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Sunday, 12 August, 2001, 23:17 GMT 00:17 UK
Risk to depressed heart patients
Patients with depression and heart disease had a worse prognosis
Patients with depression and heart disease had a worse prognosis
Patients with heart failure are twice as likely to die within a year if they are also severely depressed.

They are also twice as likely to be readmitted to hospital during that time.

The researchers, from the Duke University Medical Center in Durham, North Carolina, said their finding indicated all patients with serious heart failure should be assessed for major depression.

Dr Wei Jiang, who led the research, said: "Heart failure is a deadly disease, and now we know that those patients who are suffering from major depression are at a much greater risk of death."

Heart failure is a deadly disease, and now we know that those patients who are suffering from major depression are at a much greater risk of death

Dr Wei Jiang,
Duke University Medical Center
UK campaign groups for heart health and depression said the US study reinforced the need for further research into the links between physical and mental health.

Around 63,000 new cases of heart failure are reported in the UK each year.

'Check for depression'

The researchers looked at 357 patients who were admitted with heart failure to Duke University over 15 months.

Thirty five per cent had symptoms of depression, with 14% diagnosed as having major depression.

Patients who were depressed had a death rate of 26%after a year, compared to just under 14% of non-depressed patients.

Eighty per cent of patients with major depression were readmitted within a year, compared to 52% of those who were not depressed.

Dr Jiang said if more heart specialists checked for depression, and treated those who had it, patients' prognosis may improve.

She said: "Obviously, the next step is to see whether treating these patients' depression will have a beneficial outcome on their heart failure.

But it is not known how major depression may influence how the heart works.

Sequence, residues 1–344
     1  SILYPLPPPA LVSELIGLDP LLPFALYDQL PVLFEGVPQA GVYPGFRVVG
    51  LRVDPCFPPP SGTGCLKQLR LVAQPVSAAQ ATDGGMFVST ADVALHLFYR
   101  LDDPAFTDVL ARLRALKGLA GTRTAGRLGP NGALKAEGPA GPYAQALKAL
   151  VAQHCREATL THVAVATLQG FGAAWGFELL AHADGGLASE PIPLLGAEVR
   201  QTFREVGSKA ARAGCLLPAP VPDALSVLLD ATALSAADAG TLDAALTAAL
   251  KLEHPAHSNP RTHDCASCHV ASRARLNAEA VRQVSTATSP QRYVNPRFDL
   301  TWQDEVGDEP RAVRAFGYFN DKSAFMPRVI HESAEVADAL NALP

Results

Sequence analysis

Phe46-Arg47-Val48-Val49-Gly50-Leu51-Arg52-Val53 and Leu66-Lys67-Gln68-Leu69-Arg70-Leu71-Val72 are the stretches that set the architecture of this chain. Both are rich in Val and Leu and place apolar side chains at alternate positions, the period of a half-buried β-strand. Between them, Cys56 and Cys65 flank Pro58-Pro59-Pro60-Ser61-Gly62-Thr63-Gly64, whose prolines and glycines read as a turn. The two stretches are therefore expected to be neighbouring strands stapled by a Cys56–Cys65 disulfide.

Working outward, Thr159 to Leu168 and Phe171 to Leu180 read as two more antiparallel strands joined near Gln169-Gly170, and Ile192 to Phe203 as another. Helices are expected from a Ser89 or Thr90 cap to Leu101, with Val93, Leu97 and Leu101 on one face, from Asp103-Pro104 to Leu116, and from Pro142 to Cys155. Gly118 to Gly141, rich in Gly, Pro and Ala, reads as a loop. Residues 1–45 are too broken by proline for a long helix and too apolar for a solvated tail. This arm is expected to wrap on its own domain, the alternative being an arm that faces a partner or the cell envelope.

Dr Jiang said: "People with major depression tend to have poor social support networks or perceive their social support insufficient and may not be as compliant with their medications.

"Also some studies have shown an association with depression and higher activity of platelets, which can cause clots in arteries."


The researchers were keen to stress the patients they studied had depression that could be clinically diagnosed, rather than simply being sad about their condition.

One difficulty is that anti-depressants could interact with medications people are on for their heart condition.

So other therapies such as counselling or psychotherapy could be the answer.

Craig Haslop, spokesman for the British Heart Foundation said: "Research has already shown that patients who have a heart attack are three times more likely to have a second attack if they are depressed.

"It is not clear why depression may lead to a second heart attack - but it could be assumed that depression may also inhibit recovery from other types of coronary heart disease such as heart failure.

"More research is needed into depression and its links with heart failure. Factors such as a poor social network, and dealing with a life threatening disease, need to be considered in future research to better understand why depression may contribute to mortality from conditions such as heart failure."

A spokeswoman for the mental health charity MIND told BBC News Online a link between depression and the period after serious illness was well-documented.

She said people with mental health problems may be more likely to be unemployed or on low incomes, factors which have been linked to heart disease.

Smoking and drinking may also be coping strategies people with mental health problems employ.

The research was published in the journal Archives of Internal Medicine.

See also:

10 Aug 01 | Health
GPs 'not spotting' heart failure
06 Mar 01 | Health
Heart failure damage reversed
18 Oct 00 | Health
Test for heart failure
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